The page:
The Real Deal New York

Soho China takes a page out of the WeWork playbook

Developer has leased 16K desks in Beijing and Shanghai

August 16, 2016 10:54AM

A coworking space and SOHO China's Zhang Xin

A coworking space and SOHO China’s Zhang Xin

Call it the WeWork effect.

China’s largest office developer, Soho China, is branching out into the shared office market in an attempt to wring more profits out of China’s overbuilt office market.

The Beijing-based developer — which owns a sizable stake in New York City’s GM building — has made the shift over the past 18 months, according to the Wall Street Journal. Long-term leases drive the majority of the company’s revenue, and the shift for the Chinese developer comes at a time when the company’s profits are shrinking and and China’s economy has slowed.

“We’ve been searching for the next growth area,” CEO Zhang Xin told the Journal, referring to a period of rapid building that has slowed. “Cities are built, buildings are done.”

Soho China currently has 16,000 desks it is leasing in Beijing and Shanghai through its coworking brand, known as 3Q. While there are no immediate plans to bring the concept stateside, Zhang outlined a plan to ramp up the coworking strategy in several new markets, and said the company’s existing office space gives it a leg up, which will allow it to scale quickly.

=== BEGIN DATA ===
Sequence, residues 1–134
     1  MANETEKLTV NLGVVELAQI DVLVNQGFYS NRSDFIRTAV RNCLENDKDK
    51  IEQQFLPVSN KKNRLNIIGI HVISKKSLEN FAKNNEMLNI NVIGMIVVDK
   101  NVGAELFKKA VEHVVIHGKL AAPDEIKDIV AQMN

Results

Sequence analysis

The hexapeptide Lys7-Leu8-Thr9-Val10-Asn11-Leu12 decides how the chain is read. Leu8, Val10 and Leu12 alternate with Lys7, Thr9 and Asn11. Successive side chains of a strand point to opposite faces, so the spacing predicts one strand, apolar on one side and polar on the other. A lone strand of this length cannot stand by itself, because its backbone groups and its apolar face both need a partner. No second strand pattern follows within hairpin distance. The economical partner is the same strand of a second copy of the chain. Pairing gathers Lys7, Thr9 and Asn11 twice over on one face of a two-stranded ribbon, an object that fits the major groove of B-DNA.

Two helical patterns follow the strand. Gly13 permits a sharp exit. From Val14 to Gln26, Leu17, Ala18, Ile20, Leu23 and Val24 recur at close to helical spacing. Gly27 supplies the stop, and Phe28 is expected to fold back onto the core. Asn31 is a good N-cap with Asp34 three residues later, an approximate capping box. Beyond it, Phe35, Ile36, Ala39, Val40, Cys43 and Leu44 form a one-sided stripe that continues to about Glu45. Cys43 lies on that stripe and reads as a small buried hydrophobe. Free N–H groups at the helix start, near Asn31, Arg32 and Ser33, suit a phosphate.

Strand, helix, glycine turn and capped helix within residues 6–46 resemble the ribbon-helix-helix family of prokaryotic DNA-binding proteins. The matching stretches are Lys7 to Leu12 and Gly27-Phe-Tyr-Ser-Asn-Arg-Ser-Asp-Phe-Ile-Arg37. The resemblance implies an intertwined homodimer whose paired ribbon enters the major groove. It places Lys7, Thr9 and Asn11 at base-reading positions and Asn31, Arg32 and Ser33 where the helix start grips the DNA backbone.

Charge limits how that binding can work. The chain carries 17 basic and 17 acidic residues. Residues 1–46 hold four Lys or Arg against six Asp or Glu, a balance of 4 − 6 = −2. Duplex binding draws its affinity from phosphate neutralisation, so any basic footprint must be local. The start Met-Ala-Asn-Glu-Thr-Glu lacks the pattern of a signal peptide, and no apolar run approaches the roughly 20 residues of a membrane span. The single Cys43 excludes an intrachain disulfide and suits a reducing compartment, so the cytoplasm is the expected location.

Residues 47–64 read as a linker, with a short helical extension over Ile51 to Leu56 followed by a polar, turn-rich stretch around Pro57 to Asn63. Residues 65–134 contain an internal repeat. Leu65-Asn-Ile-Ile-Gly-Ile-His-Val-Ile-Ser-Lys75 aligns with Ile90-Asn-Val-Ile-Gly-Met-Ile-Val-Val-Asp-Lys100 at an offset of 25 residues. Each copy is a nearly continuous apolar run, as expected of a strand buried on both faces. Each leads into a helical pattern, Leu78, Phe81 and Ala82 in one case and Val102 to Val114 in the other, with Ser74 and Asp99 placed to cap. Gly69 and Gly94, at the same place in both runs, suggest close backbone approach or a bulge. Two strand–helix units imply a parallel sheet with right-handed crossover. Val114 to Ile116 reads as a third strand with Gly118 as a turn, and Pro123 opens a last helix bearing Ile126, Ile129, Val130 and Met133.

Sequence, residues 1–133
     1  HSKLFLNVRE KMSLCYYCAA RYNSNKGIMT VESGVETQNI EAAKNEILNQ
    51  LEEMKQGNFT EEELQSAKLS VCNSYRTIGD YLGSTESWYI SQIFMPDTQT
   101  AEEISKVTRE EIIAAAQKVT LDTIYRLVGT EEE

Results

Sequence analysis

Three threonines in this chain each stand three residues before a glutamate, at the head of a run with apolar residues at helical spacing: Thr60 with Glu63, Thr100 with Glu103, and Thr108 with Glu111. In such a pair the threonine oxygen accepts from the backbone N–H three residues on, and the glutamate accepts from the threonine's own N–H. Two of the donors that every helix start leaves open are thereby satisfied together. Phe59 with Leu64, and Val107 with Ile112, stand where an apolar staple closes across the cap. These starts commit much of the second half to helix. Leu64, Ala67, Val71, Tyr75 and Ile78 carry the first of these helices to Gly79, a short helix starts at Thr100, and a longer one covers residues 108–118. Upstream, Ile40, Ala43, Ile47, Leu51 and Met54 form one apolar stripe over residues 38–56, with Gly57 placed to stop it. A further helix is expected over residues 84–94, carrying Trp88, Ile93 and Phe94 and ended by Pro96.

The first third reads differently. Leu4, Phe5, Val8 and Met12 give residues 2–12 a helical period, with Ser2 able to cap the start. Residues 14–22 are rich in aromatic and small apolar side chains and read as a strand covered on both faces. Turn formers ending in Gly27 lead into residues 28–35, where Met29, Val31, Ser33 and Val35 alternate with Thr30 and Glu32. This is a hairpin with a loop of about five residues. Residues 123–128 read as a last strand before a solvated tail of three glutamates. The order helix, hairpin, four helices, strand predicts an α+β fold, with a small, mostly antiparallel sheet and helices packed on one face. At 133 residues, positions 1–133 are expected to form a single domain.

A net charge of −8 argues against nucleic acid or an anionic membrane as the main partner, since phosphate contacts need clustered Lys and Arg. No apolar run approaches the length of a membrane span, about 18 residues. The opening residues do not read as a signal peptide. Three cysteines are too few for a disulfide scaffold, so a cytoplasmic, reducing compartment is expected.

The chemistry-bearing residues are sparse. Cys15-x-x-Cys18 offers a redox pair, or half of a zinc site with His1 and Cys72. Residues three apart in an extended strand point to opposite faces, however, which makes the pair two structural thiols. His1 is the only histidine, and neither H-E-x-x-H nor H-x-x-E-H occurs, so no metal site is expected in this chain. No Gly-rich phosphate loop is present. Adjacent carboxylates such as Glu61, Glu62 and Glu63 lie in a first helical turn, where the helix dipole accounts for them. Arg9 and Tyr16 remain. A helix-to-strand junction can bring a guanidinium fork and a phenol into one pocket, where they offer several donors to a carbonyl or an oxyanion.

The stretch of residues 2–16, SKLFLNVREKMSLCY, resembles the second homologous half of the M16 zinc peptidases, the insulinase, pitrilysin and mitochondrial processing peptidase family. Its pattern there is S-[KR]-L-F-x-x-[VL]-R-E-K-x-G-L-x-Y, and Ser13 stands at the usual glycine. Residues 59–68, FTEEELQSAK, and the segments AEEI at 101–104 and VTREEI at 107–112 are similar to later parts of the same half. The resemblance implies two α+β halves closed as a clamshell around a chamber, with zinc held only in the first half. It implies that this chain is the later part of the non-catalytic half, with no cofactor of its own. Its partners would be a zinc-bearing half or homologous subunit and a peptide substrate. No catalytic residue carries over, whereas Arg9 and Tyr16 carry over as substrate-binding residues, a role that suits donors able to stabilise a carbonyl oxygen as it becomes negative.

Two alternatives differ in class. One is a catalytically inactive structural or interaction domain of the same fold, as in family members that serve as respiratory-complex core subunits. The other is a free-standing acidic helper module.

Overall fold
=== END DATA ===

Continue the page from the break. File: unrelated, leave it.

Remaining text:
In China, WeWork recently opened its first location last month with 500 desks and quickly leased all of them.  There are about 100 other competitors in the market.

But not everyone thinks coworking is sustainable. “The entrepreneurial drive is strong in Beijing, but it remains to be seen if it could be just as strong in other cities,” cautioned Stephanie Lau, an analyst at Moody’s Investors Services.

Zhang disagreed. Five years from now, this kind of young, high-growth—hypergrowth—company, there will only be more of them, not less of them,” she said, referring to internet and tech startups that often lease co-working space.

“This is a business you have to go for scale,” she said. “We know who the users are, we need to go where they are going.” [WSJ] — E.B. Solomont